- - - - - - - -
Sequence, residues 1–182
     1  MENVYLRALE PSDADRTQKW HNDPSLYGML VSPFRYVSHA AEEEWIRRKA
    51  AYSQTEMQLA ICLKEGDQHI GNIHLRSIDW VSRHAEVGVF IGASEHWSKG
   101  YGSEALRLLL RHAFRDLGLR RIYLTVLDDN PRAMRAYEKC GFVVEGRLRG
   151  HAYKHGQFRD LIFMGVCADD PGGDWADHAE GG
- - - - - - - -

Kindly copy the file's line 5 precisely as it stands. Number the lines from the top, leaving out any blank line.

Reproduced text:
   151  HAYKHGQFRD LIFMGVCADD PGGDWADHAE GG